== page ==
Most crimes now take place on the internet, as a result of new laws designed to criminalise behaviour on the internet. The exponential rise in ‘cybercrime’ is being addressed by expanding the number of police officers dedicated to finding it. A new rank of Politically Correct Police Constable (PC PC) has been created and traditional bobbies have been removed from the street to patrol Twitter. PC PCs are trained to understand inter-sectional student politics and apply it in their daily work. They are experts in identifying ‘hurt feelings’ and spotting the ‘inappropriate use of words’. PC PCs generate ‘hate crime’ statistics’, which are instantly solved by issuing ‘tweet warning’.

Skills required: An aptitude for creating and solving crimes from the comfort of your favourite chair.

 Authenticity Inventor

Global food companies have recognised that people no longer want ‘sausages’ or ‘broccoli’. The modern consumer doesn’t simply buy and eat food, they like to discuss the ‘origin’ and ‘provenance’ of their purchases with their friends and family. Shopping is an opportunity for the educated consumer to create a story which reflects their ethics and values. Authenticity Inventors manufacture ‘ethical origin stories’ for simple pork products and everyday vegetables.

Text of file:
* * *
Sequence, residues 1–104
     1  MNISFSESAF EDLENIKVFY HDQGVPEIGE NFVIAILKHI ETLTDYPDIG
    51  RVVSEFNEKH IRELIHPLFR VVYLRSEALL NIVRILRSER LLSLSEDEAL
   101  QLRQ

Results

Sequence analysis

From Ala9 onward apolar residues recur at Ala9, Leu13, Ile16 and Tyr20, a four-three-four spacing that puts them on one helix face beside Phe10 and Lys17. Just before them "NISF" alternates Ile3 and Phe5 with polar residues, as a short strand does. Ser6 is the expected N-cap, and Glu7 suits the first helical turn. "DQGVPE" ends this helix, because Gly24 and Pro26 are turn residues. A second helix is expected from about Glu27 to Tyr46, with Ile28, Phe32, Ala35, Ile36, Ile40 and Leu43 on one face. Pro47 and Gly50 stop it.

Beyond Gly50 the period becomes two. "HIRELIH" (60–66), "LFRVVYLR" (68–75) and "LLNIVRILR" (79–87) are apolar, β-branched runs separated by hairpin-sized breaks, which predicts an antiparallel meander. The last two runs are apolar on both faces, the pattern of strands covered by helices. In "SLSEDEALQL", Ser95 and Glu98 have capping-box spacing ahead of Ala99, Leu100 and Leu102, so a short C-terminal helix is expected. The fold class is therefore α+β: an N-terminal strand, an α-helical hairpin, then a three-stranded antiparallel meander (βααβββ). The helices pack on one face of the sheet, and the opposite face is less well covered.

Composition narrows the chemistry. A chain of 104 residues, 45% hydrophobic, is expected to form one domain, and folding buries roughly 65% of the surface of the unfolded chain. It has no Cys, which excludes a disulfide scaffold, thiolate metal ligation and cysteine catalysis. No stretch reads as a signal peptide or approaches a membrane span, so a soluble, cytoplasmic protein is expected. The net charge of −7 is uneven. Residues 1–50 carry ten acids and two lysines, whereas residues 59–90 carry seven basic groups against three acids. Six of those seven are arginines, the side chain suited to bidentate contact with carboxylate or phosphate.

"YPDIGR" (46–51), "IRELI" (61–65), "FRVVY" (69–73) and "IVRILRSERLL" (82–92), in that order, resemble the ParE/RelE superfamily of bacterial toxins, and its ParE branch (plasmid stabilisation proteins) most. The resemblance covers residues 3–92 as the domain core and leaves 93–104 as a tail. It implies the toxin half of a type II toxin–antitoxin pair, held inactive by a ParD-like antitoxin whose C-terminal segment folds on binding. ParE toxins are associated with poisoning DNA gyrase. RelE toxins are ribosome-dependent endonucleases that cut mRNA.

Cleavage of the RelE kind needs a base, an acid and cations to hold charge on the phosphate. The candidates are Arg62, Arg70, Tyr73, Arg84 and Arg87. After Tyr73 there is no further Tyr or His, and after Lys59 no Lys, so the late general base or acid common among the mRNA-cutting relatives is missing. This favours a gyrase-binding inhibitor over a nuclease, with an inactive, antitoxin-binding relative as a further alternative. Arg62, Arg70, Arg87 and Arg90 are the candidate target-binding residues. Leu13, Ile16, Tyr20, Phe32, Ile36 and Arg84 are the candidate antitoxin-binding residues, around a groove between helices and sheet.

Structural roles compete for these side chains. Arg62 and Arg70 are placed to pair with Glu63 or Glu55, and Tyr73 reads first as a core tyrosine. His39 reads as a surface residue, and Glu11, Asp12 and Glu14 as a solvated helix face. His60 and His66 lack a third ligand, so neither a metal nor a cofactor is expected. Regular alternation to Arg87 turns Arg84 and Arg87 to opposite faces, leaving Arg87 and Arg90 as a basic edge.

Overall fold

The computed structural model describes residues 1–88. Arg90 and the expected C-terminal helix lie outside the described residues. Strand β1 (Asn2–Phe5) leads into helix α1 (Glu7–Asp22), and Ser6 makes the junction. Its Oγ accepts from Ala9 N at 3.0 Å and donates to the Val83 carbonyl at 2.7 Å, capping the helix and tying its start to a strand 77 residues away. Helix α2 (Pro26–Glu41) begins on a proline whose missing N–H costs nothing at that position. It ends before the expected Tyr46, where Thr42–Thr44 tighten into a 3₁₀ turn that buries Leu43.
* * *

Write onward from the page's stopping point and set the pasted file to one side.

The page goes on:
Skills required: the ability to transform our perception of everyday products using the words ‘artisan’, ‘organic’ and ‘natural’.

Director of Sustainability

Every organisation is becoming ‘sustainable’. The old metrics of business sustainability – profit, shareholder value and product quality – are being replaced with new values including carbon neutrality, re-wilding and environmental welfare. Sustainability Directors deliver PowerPoint lectures at conferences to other people with ‘sustainability’ in their job title. The main role of Sustainability Directors is to sustain the role of the Sustainability Directors by directing companies to recognise the importance of their sustainability.

Skills required: an ability to sustain sustainability.

Historical Relevancy Creator